Indian outsourcers as “chop-shops”
September 13, 2010
The debate over outsourcing, H-1B visas and immigration has taken a particularly nasty turn recently when US Senator Charles “Chuck” Schumer referred to Infosys and other leading Indian blue-chip IT services and outsourcing firms as “chop-shops” (which are places where stolen cars are dismantled and their parts sold) during a debate about raising H-1B fees to pay for increased border protection. And while “chop shops” may be one of the few growth industries in Schumer’s home state of New York given its high taxes and the leaders of Indian’s US$60 billion IT industry are accustomed to such pop shots when unemployment rises in the USA, Schumer’s raw comments struck a nerve both within and outside the industry.
The Financial Express noted that Infosys had quickly released a statement saying that the firm’s strategy is to create jobs in every jurisdiction that they work in. In fact, today they have around 1,300 citizens and permanent residents working for them in the USA and they are working towards hiring another 1,000 employees.
On the other hand, Aditya Birla Minacs CEO Deepak Patel simply said that it would be pointless to react to such statements since globalization is here to stay and if Indian IT services and outsourcing firms continue to deliver value for their clients, such statements won’t impact them and that Nasscom needs to continue to play a role in educating people about the industry.
Nevertheless, the Wall Street Journal pointed out that higher visa fees will discourage Indian firms from “insourcing” investment into the USA and that if the government makes it too expensive to seed a new office with foreign workers at the very beginning, they may not bother to open an office at all. This in turn would cut future employment opportunities for all Americans.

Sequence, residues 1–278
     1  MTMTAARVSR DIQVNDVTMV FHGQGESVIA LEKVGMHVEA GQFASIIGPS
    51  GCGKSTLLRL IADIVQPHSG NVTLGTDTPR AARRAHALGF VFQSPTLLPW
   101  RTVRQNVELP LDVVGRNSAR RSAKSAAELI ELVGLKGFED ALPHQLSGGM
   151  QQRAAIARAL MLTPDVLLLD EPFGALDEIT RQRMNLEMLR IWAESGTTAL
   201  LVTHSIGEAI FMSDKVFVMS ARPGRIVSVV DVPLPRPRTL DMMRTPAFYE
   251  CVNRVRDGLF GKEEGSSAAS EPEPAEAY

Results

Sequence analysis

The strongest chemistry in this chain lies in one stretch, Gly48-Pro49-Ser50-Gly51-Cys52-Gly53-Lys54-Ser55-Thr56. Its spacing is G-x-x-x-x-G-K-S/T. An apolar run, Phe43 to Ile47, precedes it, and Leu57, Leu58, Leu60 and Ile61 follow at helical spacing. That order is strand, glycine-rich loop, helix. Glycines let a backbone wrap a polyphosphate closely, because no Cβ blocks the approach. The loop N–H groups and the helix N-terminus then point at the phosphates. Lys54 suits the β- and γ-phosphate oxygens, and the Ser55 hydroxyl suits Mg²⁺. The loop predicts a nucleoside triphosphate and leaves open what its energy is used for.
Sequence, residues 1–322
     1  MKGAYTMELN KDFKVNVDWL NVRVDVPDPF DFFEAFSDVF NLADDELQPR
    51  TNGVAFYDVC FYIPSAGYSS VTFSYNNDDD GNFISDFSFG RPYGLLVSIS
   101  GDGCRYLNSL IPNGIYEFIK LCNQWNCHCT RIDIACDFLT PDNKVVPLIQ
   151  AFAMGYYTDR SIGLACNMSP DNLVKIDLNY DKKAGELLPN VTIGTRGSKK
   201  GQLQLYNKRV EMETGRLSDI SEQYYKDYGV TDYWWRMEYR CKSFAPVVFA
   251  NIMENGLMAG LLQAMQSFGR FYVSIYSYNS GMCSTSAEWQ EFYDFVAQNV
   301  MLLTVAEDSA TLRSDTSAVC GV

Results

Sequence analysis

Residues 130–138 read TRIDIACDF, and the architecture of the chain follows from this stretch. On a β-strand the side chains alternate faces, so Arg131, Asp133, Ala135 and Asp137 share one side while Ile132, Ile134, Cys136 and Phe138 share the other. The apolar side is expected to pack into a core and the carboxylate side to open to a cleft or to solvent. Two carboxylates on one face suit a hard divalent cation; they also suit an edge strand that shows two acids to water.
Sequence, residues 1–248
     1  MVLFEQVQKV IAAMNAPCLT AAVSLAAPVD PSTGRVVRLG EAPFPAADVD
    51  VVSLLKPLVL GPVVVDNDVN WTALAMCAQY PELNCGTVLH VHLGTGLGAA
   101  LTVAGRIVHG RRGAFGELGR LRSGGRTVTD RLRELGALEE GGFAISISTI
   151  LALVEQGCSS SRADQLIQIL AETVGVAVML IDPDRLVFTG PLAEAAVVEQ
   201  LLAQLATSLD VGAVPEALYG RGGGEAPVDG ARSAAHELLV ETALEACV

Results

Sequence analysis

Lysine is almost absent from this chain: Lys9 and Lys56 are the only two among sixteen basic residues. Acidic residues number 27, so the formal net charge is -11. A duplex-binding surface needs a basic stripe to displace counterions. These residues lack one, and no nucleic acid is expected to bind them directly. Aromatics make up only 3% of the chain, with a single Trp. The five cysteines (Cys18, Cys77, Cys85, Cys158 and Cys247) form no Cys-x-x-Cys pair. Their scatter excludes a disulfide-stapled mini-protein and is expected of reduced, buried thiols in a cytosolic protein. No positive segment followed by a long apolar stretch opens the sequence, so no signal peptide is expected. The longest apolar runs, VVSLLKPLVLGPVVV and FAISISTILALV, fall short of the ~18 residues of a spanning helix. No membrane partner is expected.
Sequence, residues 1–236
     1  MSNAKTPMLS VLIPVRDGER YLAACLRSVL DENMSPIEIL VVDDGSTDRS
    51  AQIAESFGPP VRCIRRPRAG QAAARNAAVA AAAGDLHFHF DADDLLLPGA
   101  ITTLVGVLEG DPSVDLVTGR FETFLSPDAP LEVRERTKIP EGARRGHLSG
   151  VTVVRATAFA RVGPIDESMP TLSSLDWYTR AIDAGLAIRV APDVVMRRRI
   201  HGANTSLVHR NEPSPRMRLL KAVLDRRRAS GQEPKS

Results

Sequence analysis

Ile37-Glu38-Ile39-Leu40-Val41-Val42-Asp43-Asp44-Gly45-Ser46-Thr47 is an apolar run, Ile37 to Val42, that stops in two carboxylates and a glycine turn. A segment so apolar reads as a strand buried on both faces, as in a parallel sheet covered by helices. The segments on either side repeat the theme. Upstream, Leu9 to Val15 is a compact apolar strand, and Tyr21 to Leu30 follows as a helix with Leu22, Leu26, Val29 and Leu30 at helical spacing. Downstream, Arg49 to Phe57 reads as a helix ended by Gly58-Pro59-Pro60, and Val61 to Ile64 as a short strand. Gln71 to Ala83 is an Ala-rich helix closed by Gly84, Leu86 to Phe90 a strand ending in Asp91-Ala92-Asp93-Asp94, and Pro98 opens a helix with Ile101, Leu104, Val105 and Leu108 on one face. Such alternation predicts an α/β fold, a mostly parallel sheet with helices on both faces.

Meanwhile, Business Week’s Bruce Einhorn pointed out in his Eye on Asia blog that Indian outsourcers are so unpopular now that they have managed to unite squabbling Democrats and Republicans into passing the bill on a unanimous vote. Nevertheless, it was the comments section of Bruce’s post that contained the best and most telling advice for both Indian and American politicians. These comments included:
- American law makers should worry more about the math skills of American workers.
- India should formalize their infrastructure and nuclear deals with European and Russian companies.
- Start taxing American Corporations that sell products in India and shut down the operations of Ford, Apple and GM because they do not create jobs in India.
- When the American government comes to India to lobby for deals, the Indian government should politely show them the door.
- Its ironic that the Democrats are considering amnesty for close to 15 million illegal immigrants while trying to kick out some of the best talent in world.
- Trade between the USA and India is fairly balanced with US$17 billion in US exports to India (mostly agricultural and industrial related products) and about US$21 billion in imports from India to the USA. This is in sharp contrast to the US$200 billion trade deficit with China – mostly in manufacturing
- The number of jobs that can be created in manufacturing are 10-15 times that of the IT industry.
However and by far the best points came from one commentator who simply said that Americans should stop whining and get off their obese behinds and learn to work like Asians – points we don’t expect to hear from Infosys or Nasscom any time soon.